Health Fitness

Quality is more important than quantity in exercise

How you do your repetitions in your exercise movement is much more important than how many repetitions you do. Your exercise should focus on quality, not quantity. Because it must be about quality, you will focus and perform each movement of the exercise with purpose and diligence. It is common practice to go by the number of repetitions. If you modify that practice and go with some other factor (like time), then you will focus on quality. For example, you could try doing 35 seconds of lunges instead of 10 to 12 reps of lunges. Later, after you’ve mastered your form, you can perform reps on lunges.

Also, you can overextend yourself in certain exercises. From my personal experience, I have tried to maximize pull-ups. I ended up hyperextending my shoulder joints. This affected my overall upper body routine. I should have initially focused on mastering my pull-ups. 2-3 reps of good form pull-ups are more beneficial (and safer) than 10-12 forced reps of awkward pull-ups. By keeping my abdominal muscles tight, keeping my shoulder joint tight and secure, and maintaining my proper form (perhaps trying them out using a chair or bench), this would have prevented injuries that could have a long-lasting effect on your exercise routine. As I discovered, your shoulders are a delicate and intricate joint. Requires you to have mobility movements (eg, shoulder rolls) and static stretches (eg, shoulder pulldowns or hanging from a pull-up bar) with strength exercises (eg, upright rows and pull-ups) ).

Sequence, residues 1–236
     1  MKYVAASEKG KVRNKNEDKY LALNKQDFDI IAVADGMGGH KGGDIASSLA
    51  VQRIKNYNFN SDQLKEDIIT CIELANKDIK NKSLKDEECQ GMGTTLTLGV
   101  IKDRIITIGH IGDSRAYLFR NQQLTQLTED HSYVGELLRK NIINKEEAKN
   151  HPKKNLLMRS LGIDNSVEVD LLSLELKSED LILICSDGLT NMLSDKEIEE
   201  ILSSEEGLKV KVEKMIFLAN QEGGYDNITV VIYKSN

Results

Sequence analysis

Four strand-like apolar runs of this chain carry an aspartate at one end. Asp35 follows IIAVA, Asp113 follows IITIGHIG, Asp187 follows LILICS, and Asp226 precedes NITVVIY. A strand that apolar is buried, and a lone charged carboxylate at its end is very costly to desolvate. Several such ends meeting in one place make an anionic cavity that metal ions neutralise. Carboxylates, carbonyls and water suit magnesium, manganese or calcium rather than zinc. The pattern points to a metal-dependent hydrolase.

This is the lesson of quality, not quantity.

Another example of quality over quantity concerns running. I love running. It is one of the best exercises to speed up metabolism. Now, most people would assume that the longer you run, the better. They jogged, walked or ran for hours like a marathon runner. Instead, for your overall fitness, it’s better (and shorter) to do interval runs and sprints. This would be great for joints and general fitness. Both a marathon runner and sprinters are excellent athletes. But, I’d rather look like a sprinter than a marathon runner. It’s about quality over quantity.

One last example would be push-ups. I thought and assumed that the more push-ups, the better. Once you master the push-up move, you should do more complex and compound push-up moves. It is important to first master the push-up motion. You must keep your abdominal muscles contracted. You must be able to keep your body (for example, your back) straight during the movement. Later, you can do palm push-ups, plyometric push-ups, T-bends (or yoga), etc. to challenge and give more quality.